Amaker remained at Michigan for six seasons, during which time he amassed a .567 winning percentage, notching the 2004 National Invitation Tournament title and losing in the finals of that same tournament in 2006. His efforts were not enough, however, and he was let go after the 2006-07 season.
“Amaker had to weather some things that, when you look at schools that have been under serious probation, the next coach in there, that’s a tough, tough job,” Izzo said. “But I think he was respected by people…. I [was] his number one nemesis at the time, [his] rival, and I always had great respect and admiration for the guy.”
A little less than 12 years and two months after the two “nemeses” first competed against one another as head coaches, Amaker and Izzo will once again face off. This time, it’ll be in Spokane, Wash., as their two teams vie for a bid to the NCAA Tournament’s Sweet Sixteen.
And just 30 hours before the coaches match up once more, Amaker took a moment out of his press conference to remember how it was this “rival” that offered him support upon his dismissal from Michigan. Izzo, Amaker said, was the first opposing coach outside of his “immediate family” to phone him after news of the firing broke.
“We go back a long way,” Amaker said. “He’s a terrific basketball coach, [and] he’s even a better person…. Tom has been a true friend through the years, and I’ve respected him…. I think he’s an ambassador for the institution, for the state of Michigan, and certainly for the game of basketball.”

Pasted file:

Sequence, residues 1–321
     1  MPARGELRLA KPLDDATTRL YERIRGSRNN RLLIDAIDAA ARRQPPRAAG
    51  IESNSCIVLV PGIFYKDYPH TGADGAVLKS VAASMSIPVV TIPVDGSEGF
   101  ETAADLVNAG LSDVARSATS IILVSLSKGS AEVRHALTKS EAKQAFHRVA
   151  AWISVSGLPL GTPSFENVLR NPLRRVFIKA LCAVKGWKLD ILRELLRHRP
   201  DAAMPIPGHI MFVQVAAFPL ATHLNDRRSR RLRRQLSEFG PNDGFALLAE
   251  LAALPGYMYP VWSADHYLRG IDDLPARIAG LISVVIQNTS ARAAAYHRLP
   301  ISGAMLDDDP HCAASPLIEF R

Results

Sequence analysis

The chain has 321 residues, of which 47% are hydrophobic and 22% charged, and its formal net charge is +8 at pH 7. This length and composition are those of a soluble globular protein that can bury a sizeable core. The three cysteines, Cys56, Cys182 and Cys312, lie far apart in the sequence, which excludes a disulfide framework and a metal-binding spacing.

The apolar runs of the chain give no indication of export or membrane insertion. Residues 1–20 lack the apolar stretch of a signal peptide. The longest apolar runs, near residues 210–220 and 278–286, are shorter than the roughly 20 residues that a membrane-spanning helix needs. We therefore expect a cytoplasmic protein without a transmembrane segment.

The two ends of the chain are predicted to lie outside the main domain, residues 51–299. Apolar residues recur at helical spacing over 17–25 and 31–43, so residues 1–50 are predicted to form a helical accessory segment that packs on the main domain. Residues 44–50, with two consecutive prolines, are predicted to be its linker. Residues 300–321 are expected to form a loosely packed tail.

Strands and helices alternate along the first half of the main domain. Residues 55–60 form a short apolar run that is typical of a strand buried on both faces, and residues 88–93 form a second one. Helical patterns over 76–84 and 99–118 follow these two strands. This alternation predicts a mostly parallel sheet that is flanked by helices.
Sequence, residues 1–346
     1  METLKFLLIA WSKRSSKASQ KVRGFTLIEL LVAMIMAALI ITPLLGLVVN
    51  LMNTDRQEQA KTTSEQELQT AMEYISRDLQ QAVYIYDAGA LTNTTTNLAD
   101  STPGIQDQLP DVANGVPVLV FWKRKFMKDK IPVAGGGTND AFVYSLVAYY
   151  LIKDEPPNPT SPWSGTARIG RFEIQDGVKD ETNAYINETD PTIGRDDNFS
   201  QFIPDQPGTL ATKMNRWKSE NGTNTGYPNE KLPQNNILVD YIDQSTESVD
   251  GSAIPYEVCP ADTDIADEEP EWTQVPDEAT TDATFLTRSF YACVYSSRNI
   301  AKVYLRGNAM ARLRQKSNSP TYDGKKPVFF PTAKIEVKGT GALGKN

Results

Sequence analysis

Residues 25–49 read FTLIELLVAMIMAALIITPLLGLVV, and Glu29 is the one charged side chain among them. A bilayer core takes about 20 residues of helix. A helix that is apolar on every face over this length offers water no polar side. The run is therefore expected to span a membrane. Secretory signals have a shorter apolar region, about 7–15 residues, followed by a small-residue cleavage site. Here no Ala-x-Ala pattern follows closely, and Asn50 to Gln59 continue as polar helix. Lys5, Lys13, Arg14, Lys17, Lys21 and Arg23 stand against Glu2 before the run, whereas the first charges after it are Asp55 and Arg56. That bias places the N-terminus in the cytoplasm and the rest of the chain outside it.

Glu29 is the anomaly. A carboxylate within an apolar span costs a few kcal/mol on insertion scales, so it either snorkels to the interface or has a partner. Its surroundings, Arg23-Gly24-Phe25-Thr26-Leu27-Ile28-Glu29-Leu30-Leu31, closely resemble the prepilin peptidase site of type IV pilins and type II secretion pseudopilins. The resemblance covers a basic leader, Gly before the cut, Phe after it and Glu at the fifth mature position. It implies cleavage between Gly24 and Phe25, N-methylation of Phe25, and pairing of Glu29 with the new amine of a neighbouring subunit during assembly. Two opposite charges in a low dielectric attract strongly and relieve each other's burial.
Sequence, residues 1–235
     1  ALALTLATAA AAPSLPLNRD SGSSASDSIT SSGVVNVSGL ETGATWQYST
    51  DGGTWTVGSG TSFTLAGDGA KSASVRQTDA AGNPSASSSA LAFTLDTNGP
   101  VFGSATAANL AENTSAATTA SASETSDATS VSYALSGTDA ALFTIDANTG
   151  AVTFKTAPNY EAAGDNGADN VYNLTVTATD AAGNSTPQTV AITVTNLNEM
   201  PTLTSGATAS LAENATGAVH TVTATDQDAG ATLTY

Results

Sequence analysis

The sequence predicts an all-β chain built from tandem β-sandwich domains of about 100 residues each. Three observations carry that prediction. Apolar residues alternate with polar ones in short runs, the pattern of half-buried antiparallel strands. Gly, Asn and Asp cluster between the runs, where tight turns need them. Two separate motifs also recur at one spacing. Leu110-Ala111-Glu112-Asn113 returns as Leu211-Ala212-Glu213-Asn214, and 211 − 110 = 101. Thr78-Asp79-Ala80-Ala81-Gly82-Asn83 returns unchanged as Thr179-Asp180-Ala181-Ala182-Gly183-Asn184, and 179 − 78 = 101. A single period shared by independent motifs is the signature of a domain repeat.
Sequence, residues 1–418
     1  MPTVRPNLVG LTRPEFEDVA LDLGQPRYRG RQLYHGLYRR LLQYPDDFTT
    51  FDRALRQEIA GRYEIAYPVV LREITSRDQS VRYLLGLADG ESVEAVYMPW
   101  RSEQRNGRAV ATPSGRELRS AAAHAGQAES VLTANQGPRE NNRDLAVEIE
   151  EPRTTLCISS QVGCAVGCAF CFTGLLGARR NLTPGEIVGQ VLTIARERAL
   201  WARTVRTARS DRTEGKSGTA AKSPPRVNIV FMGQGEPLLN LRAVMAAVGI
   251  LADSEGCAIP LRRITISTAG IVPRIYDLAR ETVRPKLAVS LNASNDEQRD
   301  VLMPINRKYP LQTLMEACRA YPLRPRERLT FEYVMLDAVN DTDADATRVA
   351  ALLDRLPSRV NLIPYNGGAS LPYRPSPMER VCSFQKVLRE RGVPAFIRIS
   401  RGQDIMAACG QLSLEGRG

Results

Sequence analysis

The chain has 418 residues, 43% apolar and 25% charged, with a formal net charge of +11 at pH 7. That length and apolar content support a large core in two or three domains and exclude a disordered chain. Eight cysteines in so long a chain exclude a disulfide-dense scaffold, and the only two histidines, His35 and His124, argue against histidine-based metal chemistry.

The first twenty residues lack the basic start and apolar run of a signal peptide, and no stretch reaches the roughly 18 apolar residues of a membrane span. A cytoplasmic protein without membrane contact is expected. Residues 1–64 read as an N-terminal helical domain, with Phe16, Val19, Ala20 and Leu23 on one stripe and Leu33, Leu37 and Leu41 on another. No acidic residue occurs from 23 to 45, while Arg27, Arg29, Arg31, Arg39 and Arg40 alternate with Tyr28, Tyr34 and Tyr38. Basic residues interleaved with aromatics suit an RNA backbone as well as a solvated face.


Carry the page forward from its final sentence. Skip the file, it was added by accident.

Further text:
After Amaker left the podium on Friday, it was Izzo’s turn to take the microphone. While Amaker reflected on their common history, Izzo turned to the present—to Amaker’s current seven-year tenure with the Crimson.
“Knowing Tommy like I do…Harvard’s been just kind of a great situation for him,” Izzo said. “Where he’s taken that place is unbelievable to me. They’re a good, solid basketball team. Tommy is a good, solid human being and a great coach. So, consequently, nothing surprises me about [the Crimson’s success]. I think Harvard is lucky to have him.”
In less than twenty-four hours, the former rivals will once more share a common gym. While they may no longer be watching an AAU Tournament, and while they are certainly no longer in Michigan, their joint journey to and in the big leagues of college basketball has not been forgotten.
“I think the world of him and I just—I wish we wouldn’t have to have this game,” Amaker said. “But certainly it’s here, and I do think that [Izzo] is as good as they come.”
—Staff writer Juliet Spies-Gans can be reached at firstname.lastname@example.org.